The Legislature is partying like it's 1861, with pro-slavery apologias that made no sense then and less now, and a pointless new debate over Confederate monuments.

Even for those of us who want General Lee and the others to stay where they are, it seems a divisive and unnecessary bill, a majority-white Legislature intruding on local decisions because of the majority-black cities questioning the old monuments.

Is this the Legislature's business? Hardly, and the bill mandating public votes on war memorials — including those of the "War Between the States," itself a racially charged phrase — can only further damage the current session's failure to grapple with the state's bigger problems.

House Bill 71 by Rep. Thomas Carmody, R-Shreveport, is about more than its author's ignorance of Civil War history; he told the House that slavery did not ignite that terrible war, a view at odds with the historical record. Given Louisiana's horrible racial divisions in Carmody's own lifetime, it takes conscientious levels of denial to advance that view in any serious forum.

Nor is it going to help save the Confederate monuments in New Orleans, where HB 71 apparently would not apply, as it is not retroactive. The mayor and City Council decided, unwisely but democratically, to take down the monuments.

The Legislature often meddles with local government in Louisiana. Decisions that in most states would be purely local are changed or circumscribed by state law. On the flip side, local governments get state benefits from their political kowtowing to the State Capitol, so that they don't have to face the responsibility of raising taxes on their own.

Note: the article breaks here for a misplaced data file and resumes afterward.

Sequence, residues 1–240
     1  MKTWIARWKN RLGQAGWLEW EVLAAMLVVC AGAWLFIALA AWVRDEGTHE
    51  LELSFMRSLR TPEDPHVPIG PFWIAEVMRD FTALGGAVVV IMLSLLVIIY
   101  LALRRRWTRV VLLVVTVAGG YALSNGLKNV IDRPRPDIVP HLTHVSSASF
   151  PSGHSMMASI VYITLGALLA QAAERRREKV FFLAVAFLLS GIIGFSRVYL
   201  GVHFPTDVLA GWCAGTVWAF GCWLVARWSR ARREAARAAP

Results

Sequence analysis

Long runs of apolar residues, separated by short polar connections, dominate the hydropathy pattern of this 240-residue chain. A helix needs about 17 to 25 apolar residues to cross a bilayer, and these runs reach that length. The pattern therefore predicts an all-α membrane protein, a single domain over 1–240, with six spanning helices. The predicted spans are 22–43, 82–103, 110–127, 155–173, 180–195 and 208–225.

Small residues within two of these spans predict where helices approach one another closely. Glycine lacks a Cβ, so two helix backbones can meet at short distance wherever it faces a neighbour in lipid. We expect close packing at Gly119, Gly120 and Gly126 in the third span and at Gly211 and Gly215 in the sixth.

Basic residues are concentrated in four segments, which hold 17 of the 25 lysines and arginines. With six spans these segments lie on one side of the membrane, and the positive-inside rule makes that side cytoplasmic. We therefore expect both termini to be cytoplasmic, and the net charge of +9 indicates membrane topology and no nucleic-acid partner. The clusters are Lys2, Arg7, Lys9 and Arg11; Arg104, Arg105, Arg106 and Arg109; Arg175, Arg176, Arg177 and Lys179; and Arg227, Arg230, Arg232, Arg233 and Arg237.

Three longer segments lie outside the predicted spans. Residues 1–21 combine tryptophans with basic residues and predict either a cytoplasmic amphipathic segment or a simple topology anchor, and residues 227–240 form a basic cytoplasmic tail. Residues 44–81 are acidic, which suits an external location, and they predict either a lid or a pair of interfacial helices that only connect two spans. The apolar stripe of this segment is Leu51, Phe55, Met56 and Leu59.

Making the State Capitol further into a city council is not a good idea. Carmody's bill is another case of making the structure of government worse, whatever the merits of his cause.

Worse, for the public's interest, stoking racial antagonisms in a divided House is not good for the already strained legislative process. "We can't seem to get the economic engine of our state going (but) we're here today to re-fight the Civil War," state Rep. Sam Jones, a Democrat and former mayor of Franklin, told the House.

Perhaps lawmakers in the 65-31 vote on the Lost Cause will now come together over tough votes on tax reform and sentencing issues. Those things are of far more vital importance to Louisiana in the here and now than Confederate monuments or battle flags. Nevertheless, those have been flashpoints in our long struggle to come to terms with slavery and its enduring consequences.

In the last years of Robert E. Lee's life, he was an important advocate of reconciliation between North and South. One cannot help but think he would be saddened at this debate.

In a letter to one of his sons, Lee said that duty is the sublimest word in the language. In politics, when duty is hard, emotional appeals to divert attention from the legislative body's failures are an alternative to compromise and progress.

This is an old story, over many generations, of Louisiana politicians preying on fears to avoid real issues. Perhaps the Senate, now facing Carmody's bill, will avoid the mistakes of the past.

The Lost Cause is truly lost, but the lost causes this year — balancing the budget, reforming the tax code, reducing the burden of incarceration — matter to the living.

Perhaps the Carmody bill would have come along anyway, as there is a renewed debate in Shreveport over the Confederate memorial on the lawn of the Caddo Parish Courthouse. But the New Orleans struggle helped fuel this controversy, even though that was certainly not the intention of Mayor Mitch Landrieu or the City Council.

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